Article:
Weekly Web Watch: Can MySpace Be Saved?
As News Corp. looks for a buyer, the also-ran of social media sites is trying for a comeback.
News Corp. (NWS) has declared that MySpace, once the darling of its digital strategy, is yesterday’s news. But even as its corporate owner prepares to sell at a loss and walk away, some of its surviving staffers are trying to retool and revive MySpace as a personal entertainment hub for a young audience.
The early numbers, since the MySpace relaunch last October, can hardly be called encouraging. It has lost another 30 percent of its unique users since then.
But if the site can escape comparison with Facebook, maybe it has a shot. After all, 38 million users isn’t a bad number (unless your site had 110 million a year ago, as MySpace did, or your rival has 500 million, as Facebook now claims.) In fact, Myspace came in 54th in unique users in Google’s latest “top 1,000” web sites worldwide.
It’s hard to believe that less than two years ago, in July 2009, Facebook first edged past MySpace in popularity. It went downhill fast from there, and the pioneering social network now joins the sad list of new media startups that were snapped up for big bucks by old media, and then blown to smithereens.
Having paid $580 million for it in 2005, News Corp. reportedly hopes to get more than $100 million for what’s left of MySpace. Online game creator Zynga was briefly interested, but thought that was way too high a price, according to BusinessInsider.
Others who have expressed interest in MySpace, according to various sources, include MySpace co-founder Chris De Wolfe; its current CEO Mike Jones; music video syndication service Vevo; Chinese Internet portal Tencent; private equity firm Gores Group LLC; and Criterion Capital Partners LLC, the owner of social networking site Bebo.
The site they are considering buying is no longer primarily a social network. MySpace is trying to reinvent itself as a customizable entertainment portal, loaded with videos, music and entertainment news targeted at an audience of 18 to 34-year-olds. Special interest areas like horror movies, comedy or reality television are updated by “curators,” hyperactive users whose posts are featured prominently on its home page.
- In a special report, Reuters explores what MySpace and its parent News Corp. were doing, and not doing, while Facebook was running circles around it.
- In an interview with SFGate.com, CEO Mike Jones explains the concept of MySpace as a personalized entertainment stream.
Deal Or No Deal For Facebook In China: Shares in Baidu (BIDU) rose 5% to an all-time high in early trading Monday after widespread reports that the Chinese search engine company had signed a deal with Facebook to create a social networking site in China. But late Monday, spokesmen for both companies declined to comment, and an unnamed source sought to squelch the rumor of a done deal. Officially, Facebook isn’t going much further than an admission that Mark Zuckerberg didn’t visit China in December just because he had a hankering to see the Great Wall.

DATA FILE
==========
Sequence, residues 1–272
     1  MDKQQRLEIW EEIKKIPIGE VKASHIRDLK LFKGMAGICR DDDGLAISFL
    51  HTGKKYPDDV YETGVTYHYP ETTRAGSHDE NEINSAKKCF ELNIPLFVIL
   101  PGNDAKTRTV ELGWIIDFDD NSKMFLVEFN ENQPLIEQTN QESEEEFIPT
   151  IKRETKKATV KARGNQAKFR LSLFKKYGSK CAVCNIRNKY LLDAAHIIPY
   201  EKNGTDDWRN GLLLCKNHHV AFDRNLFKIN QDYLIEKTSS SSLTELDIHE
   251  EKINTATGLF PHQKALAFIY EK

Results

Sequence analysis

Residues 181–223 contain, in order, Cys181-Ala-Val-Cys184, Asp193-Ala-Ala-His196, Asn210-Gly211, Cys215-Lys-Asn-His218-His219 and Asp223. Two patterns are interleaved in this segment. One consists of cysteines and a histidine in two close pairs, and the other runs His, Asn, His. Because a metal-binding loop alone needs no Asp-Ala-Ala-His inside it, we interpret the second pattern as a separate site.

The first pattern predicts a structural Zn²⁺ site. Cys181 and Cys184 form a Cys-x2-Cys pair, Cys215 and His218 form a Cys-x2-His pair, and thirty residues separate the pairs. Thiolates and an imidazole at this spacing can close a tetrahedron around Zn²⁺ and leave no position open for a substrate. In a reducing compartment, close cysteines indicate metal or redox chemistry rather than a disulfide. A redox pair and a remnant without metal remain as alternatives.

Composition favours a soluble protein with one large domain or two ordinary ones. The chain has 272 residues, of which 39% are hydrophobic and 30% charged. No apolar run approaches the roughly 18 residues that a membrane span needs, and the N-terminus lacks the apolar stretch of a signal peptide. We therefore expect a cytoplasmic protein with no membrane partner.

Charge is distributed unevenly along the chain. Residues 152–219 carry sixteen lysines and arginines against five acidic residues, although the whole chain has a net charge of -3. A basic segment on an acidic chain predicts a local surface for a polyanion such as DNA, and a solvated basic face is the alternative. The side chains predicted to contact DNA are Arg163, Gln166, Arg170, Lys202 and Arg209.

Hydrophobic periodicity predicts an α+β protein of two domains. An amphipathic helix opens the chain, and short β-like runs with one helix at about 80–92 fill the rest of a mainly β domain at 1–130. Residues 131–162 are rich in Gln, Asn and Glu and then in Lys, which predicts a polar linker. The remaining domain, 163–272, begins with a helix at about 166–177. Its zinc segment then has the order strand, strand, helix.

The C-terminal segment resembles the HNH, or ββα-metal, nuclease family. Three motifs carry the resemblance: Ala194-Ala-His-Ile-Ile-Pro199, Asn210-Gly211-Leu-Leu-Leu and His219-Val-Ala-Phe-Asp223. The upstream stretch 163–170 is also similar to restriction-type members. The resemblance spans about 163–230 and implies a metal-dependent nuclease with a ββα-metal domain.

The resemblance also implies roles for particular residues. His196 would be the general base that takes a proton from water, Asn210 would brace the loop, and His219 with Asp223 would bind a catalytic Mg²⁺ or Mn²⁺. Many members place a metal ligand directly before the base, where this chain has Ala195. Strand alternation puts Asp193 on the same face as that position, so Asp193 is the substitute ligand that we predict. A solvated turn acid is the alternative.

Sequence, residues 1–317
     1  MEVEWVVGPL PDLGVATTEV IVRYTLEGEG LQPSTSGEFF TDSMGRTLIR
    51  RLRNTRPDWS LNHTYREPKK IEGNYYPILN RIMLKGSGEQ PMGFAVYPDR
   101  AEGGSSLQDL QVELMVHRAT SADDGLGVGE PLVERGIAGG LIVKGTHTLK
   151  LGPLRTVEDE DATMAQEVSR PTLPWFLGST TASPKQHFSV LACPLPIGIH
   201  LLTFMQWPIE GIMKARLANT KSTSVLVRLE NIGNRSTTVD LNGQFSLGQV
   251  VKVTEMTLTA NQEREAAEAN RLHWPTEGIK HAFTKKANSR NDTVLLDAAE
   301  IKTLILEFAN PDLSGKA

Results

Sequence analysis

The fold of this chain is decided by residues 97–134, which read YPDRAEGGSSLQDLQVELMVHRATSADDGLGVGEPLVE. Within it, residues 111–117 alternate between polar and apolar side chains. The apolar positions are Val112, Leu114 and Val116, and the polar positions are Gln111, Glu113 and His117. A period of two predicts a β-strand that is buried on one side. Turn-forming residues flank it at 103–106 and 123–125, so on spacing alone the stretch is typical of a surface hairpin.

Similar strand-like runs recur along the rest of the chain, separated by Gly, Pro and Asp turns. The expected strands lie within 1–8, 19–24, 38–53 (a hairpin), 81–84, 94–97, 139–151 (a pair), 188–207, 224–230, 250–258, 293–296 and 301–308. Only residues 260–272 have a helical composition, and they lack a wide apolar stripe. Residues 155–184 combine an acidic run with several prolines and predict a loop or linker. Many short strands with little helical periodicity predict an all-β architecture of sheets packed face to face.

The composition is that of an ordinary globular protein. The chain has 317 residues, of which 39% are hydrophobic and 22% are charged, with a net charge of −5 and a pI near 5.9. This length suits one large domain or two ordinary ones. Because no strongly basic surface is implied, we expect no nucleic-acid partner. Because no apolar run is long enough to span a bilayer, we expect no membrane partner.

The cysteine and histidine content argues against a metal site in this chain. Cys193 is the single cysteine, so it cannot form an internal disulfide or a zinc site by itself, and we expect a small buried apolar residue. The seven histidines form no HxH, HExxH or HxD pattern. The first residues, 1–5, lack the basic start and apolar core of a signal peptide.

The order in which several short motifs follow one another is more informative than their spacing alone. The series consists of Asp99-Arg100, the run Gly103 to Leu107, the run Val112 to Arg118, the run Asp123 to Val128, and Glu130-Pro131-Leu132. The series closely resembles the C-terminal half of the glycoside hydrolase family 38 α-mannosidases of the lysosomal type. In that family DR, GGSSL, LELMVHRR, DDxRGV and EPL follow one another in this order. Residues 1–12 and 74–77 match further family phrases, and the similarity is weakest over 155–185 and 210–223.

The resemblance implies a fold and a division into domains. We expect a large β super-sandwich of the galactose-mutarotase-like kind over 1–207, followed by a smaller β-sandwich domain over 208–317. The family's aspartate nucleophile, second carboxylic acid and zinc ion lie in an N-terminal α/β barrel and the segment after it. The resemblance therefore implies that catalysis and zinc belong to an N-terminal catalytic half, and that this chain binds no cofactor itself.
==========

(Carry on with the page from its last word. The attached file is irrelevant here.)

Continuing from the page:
Google Cleared For Travel: Google’s (GOOG) proposed purchase of travel search company ITA has received formal approval from the U.S. Department of Justice, with conditions. Google must continue to license and support ITA’s software, QPX, which drives searches for air fares. And, the agency will track Google’s compliance with its conditions for five years.
The review was requested by travel sites including Microsoft’s (MSFT) Bing, Travelocity, Kayak, and Expedia.
In Investor’s Business Daily, analysts say they doubt that Google has any intention of competing with those travel sites, or Priceline (PCLN). Although Google has not made its plans for ITA public, it is expected to incorporate ITA information into its search results rather than offer booking services directly.
Desperate Days For Online Marketers: Online advertising agencies and their clients are firing dollars in all directions lately, and many of them are getting precious little back for their money, some recent reports suggest.
Marketers are pouring more money and time into social media sites, though most have no idea what, if anything, they’re getting out of it, says a report in AdAge.
A new Forrester Research study finds that Facebook people “like” a company only if they have to in order to score a coupon, The Wall Street Journal reports.
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